The research that came out of Northwestern at this time is now central to economic theory and many of its applications, said former MEDS faculty member John Roberts, who holds the John H. and Irene S. Scully Professorship in Economics, Strategic Management, and International Business in the Graduate School of Business at Stanford University.
Reiter’s interest in the roles of information in economic systems and incentives was deeply influenced by Leonid Hurwicz, with whom he coauthored several pieces, including their 2006 book, Designing Economic Mechanisms.
A 1974 article Reiter coauthored with Kenneth Mount developed the notion of size of message space in a mechanism. They showed mathematically that, in an idealized economy, the smallest message space to convey information exactly coincides with price. This finding is equivalent to the notion in computer science of communication complexity, Vohra said.
“Stan was 20 years ahead of the game,” Vohra said.
Reiter was one of the first scholars to tackle the job-shop problem, a common optimization problem in computer science. Vohra said when he first read Reiter’s paper on the topic as a graduate student in the 1980s, Reiter’s paper seemed obvious, given the level of computing available at the time. But Reiter had written the paper in 1965, decades ahead of the computing curve.
“It was consistent with Stan’s view that mathematics had an important role to play in modeling and understanding business operations,” Vohra said.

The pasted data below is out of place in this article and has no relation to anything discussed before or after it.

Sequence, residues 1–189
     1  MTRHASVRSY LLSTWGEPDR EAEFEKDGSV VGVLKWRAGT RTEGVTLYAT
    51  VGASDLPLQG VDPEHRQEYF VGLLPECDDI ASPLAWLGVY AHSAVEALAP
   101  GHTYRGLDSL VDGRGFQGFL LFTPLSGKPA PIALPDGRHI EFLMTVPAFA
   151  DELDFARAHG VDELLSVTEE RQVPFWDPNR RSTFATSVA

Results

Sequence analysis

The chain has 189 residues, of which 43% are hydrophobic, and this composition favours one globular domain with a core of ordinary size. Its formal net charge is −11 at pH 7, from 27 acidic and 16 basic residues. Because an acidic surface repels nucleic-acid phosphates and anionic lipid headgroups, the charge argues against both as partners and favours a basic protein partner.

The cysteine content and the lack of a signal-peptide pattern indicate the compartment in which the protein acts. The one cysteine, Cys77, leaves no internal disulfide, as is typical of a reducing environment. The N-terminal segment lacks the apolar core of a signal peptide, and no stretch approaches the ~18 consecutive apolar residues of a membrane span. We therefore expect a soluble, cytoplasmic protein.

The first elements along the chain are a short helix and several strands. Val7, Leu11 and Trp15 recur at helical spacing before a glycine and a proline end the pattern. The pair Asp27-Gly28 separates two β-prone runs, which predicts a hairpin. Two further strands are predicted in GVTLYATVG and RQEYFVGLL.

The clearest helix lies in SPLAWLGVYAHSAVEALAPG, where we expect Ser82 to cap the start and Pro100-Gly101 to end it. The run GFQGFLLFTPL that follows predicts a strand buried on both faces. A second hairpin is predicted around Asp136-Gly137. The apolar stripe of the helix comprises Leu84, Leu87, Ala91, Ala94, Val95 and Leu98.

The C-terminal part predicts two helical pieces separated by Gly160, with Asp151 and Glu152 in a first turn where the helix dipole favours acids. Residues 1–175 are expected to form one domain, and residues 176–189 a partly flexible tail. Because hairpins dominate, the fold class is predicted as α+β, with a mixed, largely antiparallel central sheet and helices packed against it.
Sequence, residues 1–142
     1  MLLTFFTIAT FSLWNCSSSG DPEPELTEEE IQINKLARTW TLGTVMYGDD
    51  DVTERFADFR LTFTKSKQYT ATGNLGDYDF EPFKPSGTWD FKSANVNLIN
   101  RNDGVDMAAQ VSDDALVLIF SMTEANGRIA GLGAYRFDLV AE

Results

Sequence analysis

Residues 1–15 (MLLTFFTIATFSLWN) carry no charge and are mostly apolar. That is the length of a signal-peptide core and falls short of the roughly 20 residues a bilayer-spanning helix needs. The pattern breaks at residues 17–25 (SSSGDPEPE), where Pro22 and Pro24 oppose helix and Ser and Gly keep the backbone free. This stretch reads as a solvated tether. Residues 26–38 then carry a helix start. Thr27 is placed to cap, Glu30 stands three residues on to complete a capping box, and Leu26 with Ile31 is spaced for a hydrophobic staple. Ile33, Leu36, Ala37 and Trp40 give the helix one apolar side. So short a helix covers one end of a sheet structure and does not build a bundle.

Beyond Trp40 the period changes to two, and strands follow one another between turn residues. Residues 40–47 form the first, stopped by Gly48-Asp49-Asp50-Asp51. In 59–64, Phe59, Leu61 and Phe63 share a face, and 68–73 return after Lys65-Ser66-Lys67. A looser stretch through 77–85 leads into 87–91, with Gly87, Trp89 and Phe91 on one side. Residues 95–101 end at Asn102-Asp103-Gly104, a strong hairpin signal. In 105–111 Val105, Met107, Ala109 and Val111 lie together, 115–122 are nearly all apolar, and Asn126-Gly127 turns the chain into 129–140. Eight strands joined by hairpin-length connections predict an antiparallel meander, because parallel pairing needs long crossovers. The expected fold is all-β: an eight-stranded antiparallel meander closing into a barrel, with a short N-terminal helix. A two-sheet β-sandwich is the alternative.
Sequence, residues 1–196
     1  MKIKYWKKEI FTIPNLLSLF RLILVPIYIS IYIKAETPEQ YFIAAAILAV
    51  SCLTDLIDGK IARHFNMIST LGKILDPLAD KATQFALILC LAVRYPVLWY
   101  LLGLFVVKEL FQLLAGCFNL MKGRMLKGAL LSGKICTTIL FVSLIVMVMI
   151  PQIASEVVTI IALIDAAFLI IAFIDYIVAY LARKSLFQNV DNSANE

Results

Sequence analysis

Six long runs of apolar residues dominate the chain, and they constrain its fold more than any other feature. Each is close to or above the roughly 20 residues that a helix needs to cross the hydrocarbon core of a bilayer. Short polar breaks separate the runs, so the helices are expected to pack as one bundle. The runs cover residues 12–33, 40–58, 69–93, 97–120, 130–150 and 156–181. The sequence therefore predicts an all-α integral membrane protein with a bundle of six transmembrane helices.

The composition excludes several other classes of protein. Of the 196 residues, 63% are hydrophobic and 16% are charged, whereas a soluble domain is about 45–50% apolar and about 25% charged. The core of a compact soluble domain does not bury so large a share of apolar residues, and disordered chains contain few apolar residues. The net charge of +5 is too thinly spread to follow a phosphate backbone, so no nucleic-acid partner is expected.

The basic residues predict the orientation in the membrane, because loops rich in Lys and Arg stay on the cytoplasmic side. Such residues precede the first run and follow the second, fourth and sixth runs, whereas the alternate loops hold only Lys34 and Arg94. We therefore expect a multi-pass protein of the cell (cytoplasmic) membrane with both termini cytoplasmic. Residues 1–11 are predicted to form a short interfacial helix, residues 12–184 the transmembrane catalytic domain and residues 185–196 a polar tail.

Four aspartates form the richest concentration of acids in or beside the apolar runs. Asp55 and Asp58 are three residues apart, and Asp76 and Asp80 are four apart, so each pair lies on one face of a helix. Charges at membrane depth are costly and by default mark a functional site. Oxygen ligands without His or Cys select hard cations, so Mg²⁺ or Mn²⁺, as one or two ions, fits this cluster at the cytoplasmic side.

A magnificent experience
Sonnenschein remembered a course where it was just four graduate students and Reiter in the room. The group went through Gérard Debreu’s Theory of Value line by line. Reiter didn’t lecture. Instead, he would sit patiently, questioning the students if an argument seemed less than complete.
“The issues had as much to do with the way the economics were modeled as the way the mathematics were done. It was a magnificent experience for all of us,” Sonnenschein said.
Alvaro Sandroni, the E.D. Howard Professor of Political Economy at Kellogg, remembered Reiter as someone he felt comfortable talking to about intellectual life. “He valued people who would think for themselves,” Sandroni said. “Instead of picking up notions from others of right or wrong, how to do things, or what research or intellectual life should be, he liked to think for himself and reach his own conclusions.”
Reiter also had many interests outside of academia. He was an accomplished stone sculptor and, according to Sonnenschein, had “a serve that could knock you off the tennis court.”